Written by Deepesh Vasudev
Simple Taste, Exceptional Presentation
Avatar: The Way of Water is a straightforward story conveyed with possibly the best visual effects and technical mastery we have yet seen.
The film is a visual tour de force. The skilled artistry of the visual effects artists is showcased in every shot of the film. With all the CG characters from the previous film looking more real, more animated, and more alive. As the title suggests, the main focus of this film is Water. After the first thirty minutes, the film is set mostly in, on, and around water. With characters running, diving, and swimming in water. The cinematography highlights how detailed the CG water is, and after a while, you truly suspend your disbelief. They have crossed the uncanny valley without reaching the bottom.
Director James Cameron after making me accept his computer-generated world starts messing with me. He has introduced a character that is human and interacts with the inhabitants of Pandora, cutting between him in real water and real sets and to the computer-crafted world, he’s testing us to see if we notice and I can confidently say that I failed. Apart from the masterful work, the worlds themselves are interesting and revealing as the film progresses. The aquatic life of Pandora resembles our own but is still different in interesting ways and becomes an integral part of the story. The connection between the Na’vi and their ecology is explored further, deepening this shared network that was discovered in the first movie. Another point of praise is the final battle sequence. It contained all the hallmarks of great action sequences from Cameron’s past and it is a long sequence that goes by in a blink. The sequence is also elevated with elements from the famous sinking scene in Titanic (1997).
The story is another matter entirely. The story is simple; there isn’t anything unexpected or new bought to the table here. It even feels at some points like a shadow of the first film’s story. The story in the first film had higher stakes and delivered more catharsis than the second outing. The narrative felt more like an episode and a very apparent setup for the upcoming sequels. The characters too, have arcs but are quite simple. One of the central characters disappears during the middle of the film without any explanation as to what they are up to.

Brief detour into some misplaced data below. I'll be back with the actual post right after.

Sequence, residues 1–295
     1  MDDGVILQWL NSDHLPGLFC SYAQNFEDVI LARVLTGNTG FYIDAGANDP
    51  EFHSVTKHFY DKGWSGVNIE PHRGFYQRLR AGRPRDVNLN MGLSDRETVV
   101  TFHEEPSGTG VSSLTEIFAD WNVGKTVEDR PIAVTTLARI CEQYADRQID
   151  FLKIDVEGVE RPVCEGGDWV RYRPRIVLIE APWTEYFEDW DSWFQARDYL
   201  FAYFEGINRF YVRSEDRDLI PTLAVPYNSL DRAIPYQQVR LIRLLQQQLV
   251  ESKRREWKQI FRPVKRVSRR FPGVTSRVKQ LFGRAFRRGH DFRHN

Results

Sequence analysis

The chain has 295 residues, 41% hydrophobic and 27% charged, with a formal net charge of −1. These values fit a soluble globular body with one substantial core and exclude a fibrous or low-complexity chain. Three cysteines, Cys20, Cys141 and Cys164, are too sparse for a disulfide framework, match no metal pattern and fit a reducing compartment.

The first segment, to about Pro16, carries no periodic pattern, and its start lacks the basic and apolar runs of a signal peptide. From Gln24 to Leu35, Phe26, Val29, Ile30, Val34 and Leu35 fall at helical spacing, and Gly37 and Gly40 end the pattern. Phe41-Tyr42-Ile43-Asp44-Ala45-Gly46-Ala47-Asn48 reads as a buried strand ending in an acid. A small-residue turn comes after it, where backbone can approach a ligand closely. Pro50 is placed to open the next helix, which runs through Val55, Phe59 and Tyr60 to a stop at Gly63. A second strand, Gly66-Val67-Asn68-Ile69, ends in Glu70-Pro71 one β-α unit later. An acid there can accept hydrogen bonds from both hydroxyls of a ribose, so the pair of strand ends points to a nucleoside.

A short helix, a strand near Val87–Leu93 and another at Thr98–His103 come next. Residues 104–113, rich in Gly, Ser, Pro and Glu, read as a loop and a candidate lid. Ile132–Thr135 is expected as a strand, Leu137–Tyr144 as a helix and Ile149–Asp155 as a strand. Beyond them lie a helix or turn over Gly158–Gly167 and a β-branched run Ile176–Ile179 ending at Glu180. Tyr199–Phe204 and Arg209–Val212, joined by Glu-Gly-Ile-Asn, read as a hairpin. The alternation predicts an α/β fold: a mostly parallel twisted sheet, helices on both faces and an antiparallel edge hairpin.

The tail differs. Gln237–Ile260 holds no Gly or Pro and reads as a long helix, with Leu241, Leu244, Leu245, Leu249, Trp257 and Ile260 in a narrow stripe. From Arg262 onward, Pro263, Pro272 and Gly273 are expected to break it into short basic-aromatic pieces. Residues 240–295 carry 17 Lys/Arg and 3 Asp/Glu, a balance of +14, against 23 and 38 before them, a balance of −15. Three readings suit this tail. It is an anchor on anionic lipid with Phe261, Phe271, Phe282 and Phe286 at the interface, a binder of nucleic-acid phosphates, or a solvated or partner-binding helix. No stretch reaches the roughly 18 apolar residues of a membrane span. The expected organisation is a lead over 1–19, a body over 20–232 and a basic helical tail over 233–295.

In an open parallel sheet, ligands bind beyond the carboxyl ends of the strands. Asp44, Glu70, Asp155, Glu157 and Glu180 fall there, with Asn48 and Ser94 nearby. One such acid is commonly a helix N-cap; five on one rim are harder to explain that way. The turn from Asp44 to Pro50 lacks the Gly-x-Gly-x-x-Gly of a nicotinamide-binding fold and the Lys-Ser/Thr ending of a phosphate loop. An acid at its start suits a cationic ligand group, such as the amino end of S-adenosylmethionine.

Even if the story of Avatar: The Way of Water leaves much to be desired, it is still a must-watch film at the theatres, in 3D and if possible, IMAX 3D. From a person who believes that story is everything in cinema, this is high praise. For those who are hesitant about watching the film in 3D, Cameron has introduced a technical element that has never been seen in cinema before that prevents eye fatigue from watching 3D and further suspends our disbelief of Pandora. I do not want to spoil this but when you see it, you’ll definitely notice it.
I am excited to see what James Cameron has in store for the sequels but what will elevate the longevity of these films in addition to the exceptional presentation is an exceptional story. Only then will people remember these films for a long time to come. However, this outing is still worth the time and money, just close one eye, figuratively of course, to the story.
This review is published as an extension of *SCAPE’s Film Critics Lab: A Writing Mentorship Programme organised by The Filmic Eye, with support from the Singapore Film Society.
About the Author: Deepesh Vasudev is a filmmaker and also majors in Philosophy at NUS. He has created short films, music videos, adverts and visual poems, to name a few.
About the Movie:
Directed by: James Cameron
Cast: Sam Worthington (Jake Sully), Zoë Saldana (Neytiri), Sigourney Weaver (Kiri Sully), Kate Winslet (Ronal), Stephen Lang (Miles Quaritch), Cliff Curtis (Tonowari), Trinity Bliss (Tuktirey)
Duration: 3h 12mins
Synopsis:Jake Sully lives with his newfound family formed on the extrasolar moon Pandora. Once a familiar threat returns to finish what was previously started, Jake must work with Neytiri and the army of the Na’vi race to protect their home.
Catch Avatar: The Way of Water in cinemas now.